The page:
Yews in Connecticut
Richard S. Cowles
Conn. Agric. Expt. Station, Valley Lab.
P. O. Box 248
Windsor, CT 06095
Connecticut has approximately 500 acres of nursery land devoted to production of yews, making it the top ranking state in New England for yew production, and approximately 3rd in the nation, following Michigan and Ohio, which have an estimated 8,500 and 4,000 acres, respectively. Other states with significant field production of yews include New Jersey, Pennsylvania, Massachusetts, and Rhode Island. Nine nurseries in Connecticut were identified by state nursery inspection personnel as still producing yews. Production information, including the use of pesticides, was determined by interviewing growers at these nurseries during February, 2000. Approximately 70 acres are harvested in Connecticut each year, for a wholesale value averaging $30,000 per acre. Production of this crop is rapidly declining in our area. Most growers cite the attractiveness of yew to deer browsing as a major factor in loss of marketability, along with a change in consumer preference towards more colorful ornamentals. Furthermore, the remaining growers have difficulty in controlling black vine weevil and Fletcher scale, so the value of the existing crop is uncertain. Combined with the fact that Taxus is a slow growing crop, and is labor-intensive to produce and harvest, most growers have decided that yews are unprofitable. They are shifting toward producing other crops, such as tobacco, boxwood, euonymus, or forsythia, or are developing the land for real estate. In Connecticut, 99% of yews were harvested for wholesale and 1% for retail marketing.
Field-grown yews are harvested as ball-and-burlap shrubs, which means that soil is removed from the field with an extensive root ball. The soil conditions amenable to this production system are sandy and sandy loam soils relatively free of gravel and rocks. These soils tend to be located within the Connecticut River Valley and along coastal Connecticut.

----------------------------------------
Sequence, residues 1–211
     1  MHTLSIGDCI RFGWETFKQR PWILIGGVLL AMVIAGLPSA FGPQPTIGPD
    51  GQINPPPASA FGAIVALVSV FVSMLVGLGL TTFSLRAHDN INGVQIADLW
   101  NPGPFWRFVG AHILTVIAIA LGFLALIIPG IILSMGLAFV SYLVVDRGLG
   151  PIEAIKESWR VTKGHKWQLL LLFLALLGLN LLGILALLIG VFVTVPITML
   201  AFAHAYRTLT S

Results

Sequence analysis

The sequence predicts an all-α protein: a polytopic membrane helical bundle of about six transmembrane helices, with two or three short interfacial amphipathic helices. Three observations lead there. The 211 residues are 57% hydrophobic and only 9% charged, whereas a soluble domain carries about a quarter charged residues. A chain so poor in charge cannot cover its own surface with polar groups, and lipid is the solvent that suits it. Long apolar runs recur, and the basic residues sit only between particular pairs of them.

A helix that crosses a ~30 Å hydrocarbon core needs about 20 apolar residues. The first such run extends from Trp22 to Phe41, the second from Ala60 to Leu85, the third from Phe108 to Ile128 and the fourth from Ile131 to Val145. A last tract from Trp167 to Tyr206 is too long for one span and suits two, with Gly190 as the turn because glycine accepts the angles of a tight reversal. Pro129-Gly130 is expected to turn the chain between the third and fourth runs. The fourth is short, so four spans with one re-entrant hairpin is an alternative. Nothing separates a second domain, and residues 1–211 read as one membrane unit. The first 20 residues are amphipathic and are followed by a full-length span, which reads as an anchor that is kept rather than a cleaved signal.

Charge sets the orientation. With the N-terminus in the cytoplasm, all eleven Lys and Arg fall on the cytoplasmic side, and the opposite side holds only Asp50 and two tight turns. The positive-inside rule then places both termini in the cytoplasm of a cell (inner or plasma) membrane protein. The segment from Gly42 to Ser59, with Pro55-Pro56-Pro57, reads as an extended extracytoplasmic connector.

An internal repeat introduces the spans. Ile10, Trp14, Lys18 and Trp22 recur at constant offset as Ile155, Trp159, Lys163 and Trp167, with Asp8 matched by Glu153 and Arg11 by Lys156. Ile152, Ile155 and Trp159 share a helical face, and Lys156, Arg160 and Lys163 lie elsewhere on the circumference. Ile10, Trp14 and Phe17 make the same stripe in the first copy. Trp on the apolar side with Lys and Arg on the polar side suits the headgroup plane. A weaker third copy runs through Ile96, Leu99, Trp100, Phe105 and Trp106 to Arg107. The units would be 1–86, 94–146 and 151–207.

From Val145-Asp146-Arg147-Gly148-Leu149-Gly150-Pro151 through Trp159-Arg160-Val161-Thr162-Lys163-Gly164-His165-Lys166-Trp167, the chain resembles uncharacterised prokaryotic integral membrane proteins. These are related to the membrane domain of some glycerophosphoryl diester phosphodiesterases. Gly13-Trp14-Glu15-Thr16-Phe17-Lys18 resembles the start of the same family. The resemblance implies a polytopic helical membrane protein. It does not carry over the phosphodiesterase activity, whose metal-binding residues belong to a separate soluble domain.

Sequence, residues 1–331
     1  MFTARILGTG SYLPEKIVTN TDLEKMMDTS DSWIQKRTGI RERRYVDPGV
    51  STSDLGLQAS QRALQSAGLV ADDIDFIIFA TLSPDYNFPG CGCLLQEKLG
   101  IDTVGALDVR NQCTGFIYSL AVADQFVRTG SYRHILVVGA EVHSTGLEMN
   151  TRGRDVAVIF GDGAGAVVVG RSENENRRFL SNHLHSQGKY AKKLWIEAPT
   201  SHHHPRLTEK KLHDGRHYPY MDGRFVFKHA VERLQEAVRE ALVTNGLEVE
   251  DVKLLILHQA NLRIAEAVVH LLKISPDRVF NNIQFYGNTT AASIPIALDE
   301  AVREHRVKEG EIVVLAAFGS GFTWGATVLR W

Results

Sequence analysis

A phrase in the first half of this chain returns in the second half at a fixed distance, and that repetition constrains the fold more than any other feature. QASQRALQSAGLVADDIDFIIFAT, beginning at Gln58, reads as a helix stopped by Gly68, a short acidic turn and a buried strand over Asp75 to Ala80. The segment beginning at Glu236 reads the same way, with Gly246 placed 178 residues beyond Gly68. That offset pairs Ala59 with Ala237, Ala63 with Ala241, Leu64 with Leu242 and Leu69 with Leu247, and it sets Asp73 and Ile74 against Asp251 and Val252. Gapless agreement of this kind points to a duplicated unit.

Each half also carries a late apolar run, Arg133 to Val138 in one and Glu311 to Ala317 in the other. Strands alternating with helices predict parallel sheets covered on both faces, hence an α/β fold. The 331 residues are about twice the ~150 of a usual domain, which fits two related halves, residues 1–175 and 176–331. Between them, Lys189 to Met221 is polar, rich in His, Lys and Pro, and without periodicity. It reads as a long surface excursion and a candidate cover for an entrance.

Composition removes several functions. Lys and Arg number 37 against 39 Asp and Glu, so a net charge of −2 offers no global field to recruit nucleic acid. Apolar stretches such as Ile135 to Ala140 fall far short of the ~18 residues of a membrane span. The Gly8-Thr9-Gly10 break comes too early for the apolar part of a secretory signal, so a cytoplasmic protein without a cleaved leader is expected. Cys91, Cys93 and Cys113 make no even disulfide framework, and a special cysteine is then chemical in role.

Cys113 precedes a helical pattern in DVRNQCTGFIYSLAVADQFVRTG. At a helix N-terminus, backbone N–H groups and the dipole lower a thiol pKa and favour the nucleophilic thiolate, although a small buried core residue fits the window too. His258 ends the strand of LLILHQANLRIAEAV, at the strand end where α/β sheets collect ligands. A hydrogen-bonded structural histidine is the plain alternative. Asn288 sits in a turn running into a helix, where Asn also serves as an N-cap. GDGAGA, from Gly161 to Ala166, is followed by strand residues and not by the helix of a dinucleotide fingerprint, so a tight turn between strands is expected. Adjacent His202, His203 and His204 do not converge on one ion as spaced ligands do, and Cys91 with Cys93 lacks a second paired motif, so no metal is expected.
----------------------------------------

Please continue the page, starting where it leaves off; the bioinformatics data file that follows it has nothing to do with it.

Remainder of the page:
Several cultivars of yew are grown, most of which are hybrids between the English and Japanese yews, Taxus baccata and T. cuspidata. These varieties are often described by their growth habit as "spreader" yews, but all share the same trait that as hybrids they require propagation from cuttings. Examples of these varieties are 'Densiformis,' 'Tauntoni,' 'Hicksi,' 'Hatfield,' 'Brownii,' and 'Greenwave'. The exception is cultivation of T. cuspidata 'Capitata', or 'upright yew,' which is grown from seed obtained from Japan. Seeds or cuttings are grown for one year in a greenhouse, then are taken to the field and grown for another one to two years in a liner bed. A liner bed typically is 4 ft wide and contains a plant density of 80 per square foot. Liner beds and perhaps the first-year transplants are typically the only locations that are irrigated. Irrigation uses impact sprinker heads mounted on vertical risers. Liners are then transplanted to the field, where they may be grown in 2 by 2 foot spacing. When these plants have grown sufficiently (~5 years), alternating plants may be dug, leaving plants growing in a diagonal pattern on 3 by 3 foot spacing. Two years later, the field may be dug again, restoring a square pattern and plants on a 4 by 4 foot spacing. The final harvest may involve specimen plants that have grown in the field for 10 - 12 years. Field-grown nursery production of fine quality yews is a labor-intensive practice, involving annual shearing ($800 per acre) and cultivation (machine and hand) to reduce weed competition. Harvesting costs are $3.00 - $5.00 per plant, depending on size, for a cost of approximately $7,000 per acre. Yews are grown in a weed-free system involving cultivation and/or herbicides to avoid plant competition and infestation by Japanese beetles, which lay eggs near grassy weeds (Smitley 1994).
|Production Facts||Insect Problems: Black Vine Weevil||Insect Problems: Fletcher Scale & Mealybugs|
|Insect Problems: Mite Pests & White Grubs||Insecticide Products||Herbicide Products & References|
|BLACK VINE WEEVIL BIOLOGY AND MANAGEMENT ARTICLE|